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Tally thus far in favour of Ford fandom: pink socks, Karen Solie, transparency, and, yes, somewhere down the list, "celebrated" and "award-winning."

On my way out, I bumped into Sarah Elton, a volunteer board member at PEN Canada. Only the night before, we'd met at another event where we talked about a young man - a friend of hers - who is imprisoned in Iran.

Wednesday evening, PEN Canada's "empty chair" held the image of Hossein Derakhshan, a 35-year-old Canadian-Iranian blogger. "That's the guy," I said.

Earlier in his discussion with Wachtel, Ford had talked about the absurdity of coming from a place where people know that things are not as they are reported. Absurd, he emphasized.

"You should write something that I include in my blog post," I told Sarah. "I can't duplicate your voice. It's your friend. He's a picture on a chair."

So below are a few words from Sarah, and I hope you'll keep in mind the "absurdity" of Derakhshan's circumstances while I have the freedom to use a national platform to tell you that pink socks and poetry hold more influence over my reading choices than a someone who used his platform for justice and change. Not that there's anything wrong with pink socks and poetry.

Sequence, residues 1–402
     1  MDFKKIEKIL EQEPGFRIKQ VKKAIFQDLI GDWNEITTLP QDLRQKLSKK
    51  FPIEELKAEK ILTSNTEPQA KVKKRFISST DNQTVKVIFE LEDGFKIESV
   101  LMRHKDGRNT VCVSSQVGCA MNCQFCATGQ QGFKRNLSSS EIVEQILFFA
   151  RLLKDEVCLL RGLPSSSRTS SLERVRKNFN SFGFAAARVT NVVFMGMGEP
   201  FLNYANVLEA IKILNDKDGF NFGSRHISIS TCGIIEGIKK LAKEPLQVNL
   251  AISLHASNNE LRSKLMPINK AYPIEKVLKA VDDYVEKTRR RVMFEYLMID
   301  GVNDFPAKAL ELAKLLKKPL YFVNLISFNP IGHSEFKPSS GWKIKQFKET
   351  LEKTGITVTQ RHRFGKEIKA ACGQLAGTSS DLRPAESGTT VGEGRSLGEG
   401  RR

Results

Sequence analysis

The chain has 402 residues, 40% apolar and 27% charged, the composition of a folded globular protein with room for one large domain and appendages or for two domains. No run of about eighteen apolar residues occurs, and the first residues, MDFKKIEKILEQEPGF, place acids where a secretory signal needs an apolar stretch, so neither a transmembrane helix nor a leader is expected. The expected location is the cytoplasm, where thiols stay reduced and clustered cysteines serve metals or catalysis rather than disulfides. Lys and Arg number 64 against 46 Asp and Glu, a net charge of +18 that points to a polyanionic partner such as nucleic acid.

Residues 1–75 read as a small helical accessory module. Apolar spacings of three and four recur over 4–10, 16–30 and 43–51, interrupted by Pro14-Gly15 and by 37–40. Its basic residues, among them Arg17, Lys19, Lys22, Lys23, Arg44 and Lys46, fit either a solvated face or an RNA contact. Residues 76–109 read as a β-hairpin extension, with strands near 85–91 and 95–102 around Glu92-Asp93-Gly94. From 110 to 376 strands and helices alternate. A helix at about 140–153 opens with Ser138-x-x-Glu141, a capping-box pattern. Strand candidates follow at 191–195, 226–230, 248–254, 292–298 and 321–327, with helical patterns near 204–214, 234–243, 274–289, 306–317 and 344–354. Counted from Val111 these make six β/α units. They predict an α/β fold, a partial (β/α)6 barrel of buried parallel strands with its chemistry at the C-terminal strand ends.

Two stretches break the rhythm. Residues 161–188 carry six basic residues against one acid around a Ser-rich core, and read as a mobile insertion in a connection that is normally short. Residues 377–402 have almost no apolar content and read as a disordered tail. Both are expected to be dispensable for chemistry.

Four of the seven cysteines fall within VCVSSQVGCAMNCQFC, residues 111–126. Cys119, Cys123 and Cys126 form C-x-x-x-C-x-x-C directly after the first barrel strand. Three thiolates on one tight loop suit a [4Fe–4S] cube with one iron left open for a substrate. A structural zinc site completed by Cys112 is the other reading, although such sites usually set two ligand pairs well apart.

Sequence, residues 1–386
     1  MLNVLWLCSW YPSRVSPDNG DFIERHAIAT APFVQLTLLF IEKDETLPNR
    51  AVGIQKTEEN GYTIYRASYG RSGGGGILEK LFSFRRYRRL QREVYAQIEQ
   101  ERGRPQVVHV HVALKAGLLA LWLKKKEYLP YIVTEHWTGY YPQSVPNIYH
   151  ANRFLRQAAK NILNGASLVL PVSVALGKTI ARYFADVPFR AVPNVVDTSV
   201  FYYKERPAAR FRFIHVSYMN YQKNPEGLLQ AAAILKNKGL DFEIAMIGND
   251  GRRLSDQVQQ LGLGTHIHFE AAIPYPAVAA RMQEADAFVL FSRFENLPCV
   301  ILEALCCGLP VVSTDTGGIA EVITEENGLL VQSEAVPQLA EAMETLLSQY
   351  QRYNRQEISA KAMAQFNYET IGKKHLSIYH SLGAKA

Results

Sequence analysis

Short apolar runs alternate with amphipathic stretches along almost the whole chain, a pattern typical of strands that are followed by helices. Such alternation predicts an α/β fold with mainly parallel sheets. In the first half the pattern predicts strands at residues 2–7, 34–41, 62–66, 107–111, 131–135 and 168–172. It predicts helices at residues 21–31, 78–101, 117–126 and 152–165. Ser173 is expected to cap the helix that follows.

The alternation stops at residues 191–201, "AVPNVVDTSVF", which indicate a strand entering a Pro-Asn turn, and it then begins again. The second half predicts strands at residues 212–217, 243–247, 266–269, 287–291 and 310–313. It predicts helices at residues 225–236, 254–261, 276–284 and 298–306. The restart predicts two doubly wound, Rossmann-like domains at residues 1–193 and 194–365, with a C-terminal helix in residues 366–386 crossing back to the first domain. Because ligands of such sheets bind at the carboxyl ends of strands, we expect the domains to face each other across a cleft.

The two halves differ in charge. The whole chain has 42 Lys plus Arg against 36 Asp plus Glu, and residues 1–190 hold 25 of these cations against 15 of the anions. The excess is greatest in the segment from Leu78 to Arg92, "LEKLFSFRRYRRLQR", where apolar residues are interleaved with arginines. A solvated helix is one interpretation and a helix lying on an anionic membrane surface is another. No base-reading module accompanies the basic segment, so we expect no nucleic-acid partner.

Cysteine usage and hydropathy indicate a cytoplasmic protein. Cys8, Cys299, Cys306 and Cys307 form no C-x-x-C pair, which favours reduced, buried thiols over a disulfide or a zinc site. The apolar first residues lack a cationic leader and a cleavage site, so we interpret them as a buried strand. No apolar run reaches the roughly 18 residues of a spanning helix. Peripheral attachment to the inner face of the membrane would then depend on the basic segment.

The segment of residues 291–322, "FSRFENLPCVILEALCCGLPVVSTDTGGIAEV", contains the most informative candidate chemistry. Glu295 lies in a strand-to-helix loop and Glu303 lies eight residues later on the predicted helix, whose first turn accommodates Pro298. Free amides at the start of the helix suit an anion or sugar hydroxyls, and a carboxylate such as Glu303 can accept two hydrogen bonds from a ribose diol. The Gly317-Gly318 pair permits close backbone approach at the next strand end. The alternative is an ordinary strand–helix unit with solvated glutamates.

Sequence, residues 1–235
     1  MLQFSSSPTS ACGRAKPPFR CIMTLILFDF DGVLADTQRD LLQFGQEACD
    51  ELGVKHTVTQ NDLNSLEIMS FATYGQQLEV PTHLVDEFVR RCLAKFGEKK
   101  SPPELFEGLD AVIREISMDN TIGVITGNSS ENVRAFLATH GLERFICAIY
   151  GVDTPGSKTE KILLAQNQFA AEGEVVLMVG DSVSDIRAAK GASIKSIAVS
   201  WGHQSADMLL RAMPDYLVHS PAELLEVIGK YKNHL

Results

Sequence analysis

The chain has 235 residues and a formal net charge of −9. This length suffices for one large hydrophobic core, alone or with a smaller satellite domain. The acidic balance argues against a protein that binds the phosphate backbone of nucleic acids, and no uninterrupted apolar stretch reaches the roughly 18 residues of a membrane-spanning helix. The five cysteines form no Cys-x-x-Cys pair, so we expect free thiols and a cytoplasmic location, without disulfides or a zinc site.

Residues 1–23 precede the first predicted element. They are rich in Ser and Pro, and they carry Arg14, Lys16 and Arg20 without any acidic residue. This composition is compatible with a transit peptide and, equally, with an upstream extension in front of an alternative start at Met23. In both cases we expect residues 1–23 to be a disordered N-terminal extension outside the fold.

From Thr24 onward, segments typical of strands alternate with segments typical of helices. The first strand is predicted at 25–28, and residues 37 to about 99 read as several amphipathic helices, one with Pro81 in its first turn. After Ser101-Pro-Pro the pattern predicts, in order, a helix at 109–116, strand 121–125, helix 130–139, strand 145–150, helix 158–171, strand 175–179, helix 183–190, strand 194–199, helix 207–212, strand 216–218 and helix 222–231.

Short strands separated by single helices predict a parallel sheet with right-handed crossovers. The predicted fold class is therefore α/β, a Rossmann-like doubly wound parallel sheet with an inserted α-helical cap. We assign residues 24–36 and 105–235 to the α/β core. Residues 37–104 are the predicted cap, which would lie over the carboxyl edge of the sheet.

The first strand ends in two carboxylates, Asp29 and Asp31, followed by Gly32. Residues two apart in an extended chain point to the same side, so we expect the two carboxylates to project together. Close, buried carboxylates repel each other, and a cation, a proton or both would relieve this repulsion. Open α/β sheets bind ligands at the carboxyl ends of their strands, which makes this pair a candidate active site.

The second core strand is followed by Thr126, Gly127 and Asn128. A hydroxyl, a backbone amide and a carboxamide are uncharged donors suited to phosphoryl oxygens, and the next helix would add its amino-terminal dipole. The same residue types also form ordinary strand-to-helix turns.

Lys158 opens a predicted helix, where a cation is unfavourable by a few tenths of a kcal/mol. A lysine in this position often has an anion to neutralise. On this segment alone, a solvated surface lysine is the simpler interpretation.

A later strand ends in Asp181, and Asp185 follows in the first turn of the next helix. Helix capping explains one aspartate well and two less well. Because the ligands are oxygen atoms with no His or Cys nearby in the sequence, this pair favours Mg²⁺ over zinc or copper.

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From Sarah Elton:

On stage last night was an empty chair to remind the audience of writers who couldn't be present because they'd been jailed for speaking their minds. Perched on the chair, directly facing me, was a photograph of Hossein Derakhshan, the 35-year-old Canadian-Iranian blogger who has been jailed in Tehran for nothing more than speaking his mind.

The last time I sat across from Derakhshan was three years ago in a Kensington Market cafe where he encouraged me to try his drink, a matcha tea latte. I was writing an article about his legendary stature as the man who launched, from his computer in Toronto, the Iranian blogging revolution. I enjoyed his ornery and opinionated conversation and we kept in touch over e-mail and chat. Then, in 2008 while visiting his family in Tehran, Derakhshan was arrested and has been held in jail without access to justice ever since. And now he has been sentenced to more than 19 years in jail.

In the photograph on last night's emtpty chair, Derakhshan stands in front of a typical Toronto brick wall, wearing a jean jacket and looking straight into the lens with the hint of a smile. It is hard to reconcile the handsome young man in the photograph with the knowledge that Derakhshan is likely beaten down and anguished, alone in some jail cell - and will continue to be this way unless someone speaks up for him.

On Nov. 15, we will join Canadians and other concerned citizens across the Internet to lobby the Canadian government to act now to bring Derakhshan home.

To find out more, follow PEN Canada on Twitter or join us on Facebook.